Pompeii – the “extraordinary” discovery of slaves

Pompeii - the "extraordinary" discovery of slaves

In the ruins of the volcanic city of Pompeii, scientists recently made a discovery that they themselves describe as “extraordinary”.

In a villa located about 700 meters outside the city walls, they now found a completely intact room.

Researchers believe that the owner’s slaves were the ones who lived in the room, as Pompeii Archaeological Park states in press release.

Among other things, beds made of wood, a cubicle bowl (such as a Datida toilet) and a number of other objects were found.

– beating

New discoveries in Pompeii surprise

Two years ago, the skeletons of two people were found in the same house. Researchers believe that he was the owner of the villa and his slave.

– The most striking thing is how cramped and dilapidated this room is. It’s a place between a dormitory and a storeroom, says Director Gabriel Zustregel at the archaeological excavation site in Pompeii.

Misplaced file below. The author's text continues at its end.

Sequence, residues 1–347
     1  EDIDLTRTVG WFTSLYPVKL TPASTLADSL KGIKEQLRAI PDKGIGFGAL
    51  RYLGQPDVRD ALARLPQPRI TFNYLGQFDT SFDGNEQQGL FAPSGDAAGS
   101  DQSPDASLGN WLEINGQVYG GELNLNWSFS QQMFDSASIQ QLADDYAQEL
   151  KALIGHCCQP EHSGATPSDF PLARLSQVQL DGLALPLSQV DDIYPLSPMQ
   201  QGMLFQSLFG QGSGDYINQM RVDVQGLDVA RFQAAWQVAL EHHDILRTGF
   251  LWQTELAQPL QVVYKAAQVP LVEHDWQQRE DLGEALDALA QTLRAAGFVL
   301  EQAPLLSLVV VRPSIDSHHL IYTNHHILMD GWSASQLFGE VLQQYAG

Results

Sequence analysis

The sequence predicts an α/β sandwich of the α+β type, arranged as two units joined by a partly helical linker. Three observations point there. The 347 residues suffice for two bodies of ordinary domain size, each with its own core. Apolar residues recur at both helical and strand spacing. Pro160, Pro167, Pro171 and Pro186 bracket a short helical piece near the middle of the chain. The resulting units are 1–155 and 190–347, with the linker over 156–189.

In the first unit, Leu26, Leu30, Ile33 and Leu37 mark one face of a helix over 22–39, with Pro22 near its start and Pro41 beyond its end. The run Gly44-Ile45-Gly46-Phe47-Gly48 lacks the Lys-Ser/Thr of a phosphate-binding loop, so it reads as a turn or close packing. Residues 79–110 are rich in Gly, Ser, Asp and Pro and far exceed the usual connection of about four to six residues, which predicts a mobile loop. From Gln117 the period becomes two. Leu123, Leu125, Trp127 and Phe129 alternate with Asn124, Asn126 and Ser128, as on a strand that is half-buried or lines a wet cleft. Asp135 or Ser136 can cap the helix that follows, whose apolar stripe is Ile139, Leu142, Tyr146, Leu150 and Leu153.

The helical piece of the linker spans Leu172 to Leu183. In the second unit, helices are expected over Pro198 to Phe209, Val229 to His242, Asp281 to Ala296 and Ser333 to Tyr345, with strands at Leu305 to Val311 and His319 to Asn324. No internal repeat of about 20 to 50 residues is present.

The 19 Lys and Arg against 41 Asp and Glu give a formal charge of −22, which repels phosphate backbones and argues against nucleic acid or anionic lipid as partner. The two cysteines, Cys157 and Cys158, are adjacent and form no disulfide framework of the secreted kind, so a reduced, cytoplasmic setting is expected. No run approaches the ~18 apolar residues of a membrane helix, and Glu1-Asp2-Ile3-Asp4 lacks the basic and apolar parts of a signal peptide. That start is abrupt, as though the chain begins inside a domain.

Pompeii was known as an ancient Roman city that was destroyed by a volcanic eruption from Mount Vesuvius in 79. At least 2,000 people lost their lives, and parts of the city were preserved under ash and rocks from the eruption.

Insight into everyday life

Found nearly 2,000 years old remains

Found nearly 2,000 years old remains

Zuchtriegel says the bedroom discovery is unusual because it provides insight into daily life in Pompeii when the eruption occurred.

– This is truly one of the most exciting discoveries of my entire life as an archaeologist, even without the discovery of great “treasures”. The real treasure here is the human experience, in this case the experience of the most vulnerable people in an ancient society, says Zustregel.

See also  Increased risk of forest fires and crop loss. Is climate change knocking on the door? - Daily newspaper

The director of the museum was also involved in the discovery.

“Studies of this space, which will be complemented by continuous analyzes, will allow us to reveal new and exciting information about the living conditions and the life of slaves in Pompeii and the Roman world,” says museum director Massimo Osana.

Dalila Awolowo

Dalila Awolowo

"Explorer. Unapologetic entrepreneur. Alcohol fanatic. Certified writer. Wannabe tv evangelist. Twitter fanatic. Student. Web scholar. Travel buff."

Leave a Reply

Your email address will not be published. Required fields are marked *